Years have passed and through my donations I have helped create 17 beautiful children. Since better understanding the world of fertility and the challenges faced by so many, I’ve found a new appreciation for being a mother that that has come from understanding that motherhood doesn’t come as easy to everyone, and it can’t be taken for granted. I learned to embrace it and found more patience and resilience in even the more difficult moments of being a parent. With this realisation, it has made me a better mother.
St. Francis of Assisi once said ‘For it’s in giving that we receive’. I have found this to be true. In giving, this part of my life has made me richer in ways I could never have expected.
I gave a gift; but I feel a much bigger gift has been given to me in return; a renewed sense of purpose and gratitude for all that I have. Intertwined in my journey are those of many others with their own incredible lives and miracle stories.
For those tired by the journey of IVF and seeking some encouragement and motivation. This is for you..
A wise man once said "What we do, Miss Ventura, does not define who we are. What defines us is how well we rise after falling". Well, it was the concierge from the movie, Maid in Manhattan- but the poignancy of his words remain.
I wanted to write this to share some thoughts on what many here are going through in the process of becoming parents or finishing their families. Most arrive here not at the beginning of their journeys but having already navigated obstacles on their travels; some are tired and lost- but the thing that unites all of us is hope. Hope that the perseverance will pay off and what we have worked for will become our reality.
I have heard many people hit the crossroads on the fertility road wondering after repeated failures when to call it quits and call it a day.. when is enough, enough?
Over the many years of reading threads and meeting people who have started their journey to be a parent, I have noticed one thing sets aside those that make it and those who don’t.... persistence. Those that after grieving a loss or setback pick themselves up, dust themselves off, re-evaluate their plans, remind themselves of their dreams and continue on… and after they get there I have heard many say when looking at their child that they would do it all over again to be where they are.....the parents of a beautiful child.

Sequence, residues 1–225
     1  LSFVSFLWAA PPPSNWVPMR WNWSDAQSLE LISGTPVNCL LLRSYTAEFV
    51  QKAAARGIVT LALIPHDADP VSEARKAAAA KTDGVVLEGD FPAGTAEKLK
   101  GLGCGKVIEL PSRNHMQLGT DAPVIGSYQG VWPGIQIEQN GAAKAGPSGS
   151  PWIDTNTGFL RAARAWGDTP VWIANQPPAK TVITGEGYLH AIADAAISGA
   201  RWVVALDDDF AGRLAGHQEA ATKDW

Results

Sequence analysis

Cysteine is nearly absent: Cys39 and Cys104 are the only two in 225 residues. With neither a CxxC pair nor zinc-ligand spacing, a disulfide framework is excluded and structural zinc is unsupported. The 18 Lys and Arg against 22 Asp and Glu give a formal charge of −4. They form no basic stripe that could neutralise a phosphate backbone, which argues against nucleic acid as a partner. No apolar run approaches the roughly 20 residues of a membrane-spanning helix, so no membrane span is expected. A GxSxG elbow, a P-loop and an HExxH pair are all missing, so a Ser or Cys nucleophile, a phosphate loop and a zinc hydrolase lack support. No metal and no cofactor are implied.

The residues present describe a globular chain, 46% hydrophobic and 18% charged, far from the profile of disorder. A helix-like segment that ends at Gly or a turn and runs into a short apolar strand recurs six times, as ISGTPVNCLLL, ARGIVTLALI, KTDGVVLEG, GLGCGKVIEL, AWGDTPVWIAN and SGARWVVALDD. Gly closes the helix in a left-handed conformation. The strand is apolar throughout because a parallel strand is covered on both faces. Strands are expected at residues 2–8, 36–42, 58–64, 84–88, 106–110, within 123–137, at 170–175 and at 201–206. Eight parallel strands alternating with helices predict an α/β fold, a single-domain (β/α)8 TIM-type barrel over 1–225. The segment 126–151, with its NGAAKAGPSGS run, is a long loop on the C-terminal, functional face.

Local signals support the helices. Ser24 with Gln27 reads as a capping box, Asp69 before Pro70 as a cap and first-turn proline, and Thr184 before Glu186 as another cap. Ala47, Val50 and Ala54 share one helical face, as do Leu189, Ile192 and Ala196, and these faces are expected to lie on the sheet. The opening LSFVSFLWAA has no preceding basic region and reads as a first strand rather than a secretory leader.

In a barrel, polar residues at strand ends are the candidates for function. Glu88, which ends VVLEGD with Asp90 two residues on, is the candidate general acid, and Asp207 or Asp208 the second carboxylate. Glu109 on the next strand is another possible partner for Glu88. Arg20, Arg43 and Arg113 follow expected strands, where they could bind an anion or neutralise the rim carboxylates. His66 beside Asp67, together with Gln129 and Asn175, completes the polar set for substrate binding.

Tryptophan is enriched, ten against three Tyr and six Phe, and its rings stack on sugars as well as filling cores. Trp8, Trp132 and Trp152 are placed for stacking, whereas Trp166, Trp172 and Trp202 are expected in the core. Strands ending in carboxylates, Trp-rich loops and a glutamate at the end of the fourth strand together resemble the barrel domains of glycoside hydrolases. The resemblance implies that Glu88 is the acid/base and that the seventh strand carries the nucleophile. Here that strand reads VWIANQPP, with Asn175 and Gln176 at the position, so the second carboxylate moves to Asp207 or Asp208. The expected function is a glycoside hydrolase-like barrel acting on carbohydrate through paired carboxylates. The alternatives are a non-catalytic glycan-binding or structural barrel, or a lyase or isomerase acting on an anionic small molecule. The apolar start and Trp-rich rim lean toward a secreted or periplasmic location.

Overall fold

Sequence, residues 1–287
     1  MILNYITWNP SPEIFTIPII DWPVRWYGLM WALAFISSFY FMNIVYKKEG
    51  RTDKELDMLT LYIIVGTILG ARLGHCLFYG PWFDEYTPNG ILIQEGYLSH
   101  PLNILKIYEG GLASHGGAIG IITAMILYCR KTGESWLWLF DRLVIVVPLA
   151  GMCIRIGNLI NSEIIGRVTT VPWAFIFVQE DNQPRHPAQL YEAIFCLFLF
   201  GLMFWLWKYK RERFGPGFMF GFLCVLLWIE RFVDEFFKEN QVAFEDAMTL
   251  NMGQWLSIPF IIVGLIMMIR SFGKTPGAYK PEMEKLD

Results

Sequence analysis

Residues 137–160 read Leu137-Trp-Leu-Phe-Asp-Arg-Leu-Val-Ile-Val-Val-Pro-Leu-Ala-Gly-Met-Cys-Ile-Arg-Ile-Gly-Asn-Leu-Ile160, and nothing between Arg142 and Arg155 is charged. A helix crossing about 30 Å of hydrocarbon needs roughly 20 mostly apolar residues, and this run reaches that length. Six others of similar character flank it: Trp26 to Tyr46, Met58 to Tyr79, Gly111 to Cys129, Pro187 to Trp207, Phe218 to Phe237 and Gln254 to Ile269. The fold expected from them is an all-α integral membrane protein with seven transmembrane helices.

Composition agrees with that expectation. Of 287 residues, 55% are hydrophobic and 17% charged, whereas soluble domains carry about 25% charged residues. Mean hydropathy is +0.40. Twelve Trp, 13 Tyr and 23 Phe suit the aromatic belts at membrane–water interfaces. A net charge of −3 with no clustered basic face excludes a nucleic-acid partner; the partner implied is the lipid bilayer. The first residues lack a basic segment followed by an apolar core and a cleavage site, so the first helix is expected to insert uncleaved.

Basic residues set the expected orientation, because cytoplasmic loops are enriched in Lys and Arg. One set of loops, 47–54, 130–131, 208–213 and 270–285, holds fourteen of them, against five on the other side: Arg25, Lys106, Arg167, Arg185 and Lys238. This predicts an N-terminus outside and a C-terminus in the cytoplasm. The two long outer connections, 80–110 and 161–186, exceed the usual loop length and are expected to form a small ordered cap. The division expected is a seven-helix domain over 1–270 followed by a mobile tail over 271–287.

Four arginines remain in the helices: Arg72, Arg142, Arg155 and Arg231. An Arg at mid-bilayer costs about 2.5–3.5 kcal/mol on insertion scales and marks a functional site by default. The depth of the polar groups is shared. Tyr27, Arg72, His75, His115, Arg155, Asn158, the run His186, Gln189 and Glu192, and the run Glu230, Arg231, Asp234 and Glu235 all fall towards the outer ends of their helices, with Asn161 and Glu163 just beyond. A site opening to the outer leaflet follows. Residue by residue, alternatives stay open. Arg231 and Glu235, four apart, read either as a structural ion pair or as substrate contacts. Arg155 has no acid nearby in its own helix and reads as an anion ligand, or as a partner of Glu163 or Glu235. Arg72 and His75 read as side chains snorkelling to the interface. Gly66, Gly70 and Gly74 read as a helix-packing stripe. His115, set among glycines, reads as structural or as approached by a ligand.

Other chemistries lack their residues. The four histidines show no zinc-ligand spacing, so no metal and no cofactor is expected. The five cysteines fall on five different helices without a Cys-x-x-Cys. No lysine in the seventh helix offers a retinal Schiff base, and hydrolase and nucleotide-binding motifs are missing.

I was hoping the following might be food for thought for anyone feeling a little lost or a little uninspired.
1. Stop, Reflect, Recuperate
Sometimes when the world seems a little overwhelming and the weight of your journey seems too much to bear- the best thing is to take a break and look after yourself. Whether it be a few hours hidden away in a good movie or book- or a weekend away doing something you love and letting the past rest for a period of time, while you do some living.
You may have heard the saying “A healthy body is a healthy mind”- Take care of yourself, Get sufficient sleep and eat well- Taking care of yourself physically will help with the emotional and mental health toll that the trying to conceive journey will take on you and then leave you better equipped to deal with each day as it comes. Sometimes a simple perspective change helped by taking yourself out of the muddiness of the journey, can give you a renewed lease on life... ready for the next step.
2. Revaluate your strategy- Keep the end point in mind
Revaluate your plan- when you are ready to try again, take a fresh look at your strategy and revaluate your plan, assessing what worked, what didn’t and what you want to do differently.
Create a plan and break each step down into smaller more manageable pieces. When you identify a roadblock, develop a realistic plan to overcome it.
“The man who removes a mountain begins by carrying away small stones.” ~ Chinese Proverb
Focus on what you can accomplish rather than obstacles. Direct your energy toward achieving a goal and tackle the problems with an emphasis on edging closer to a successful result. Remember...always focus on what you want...not on what you don’t want.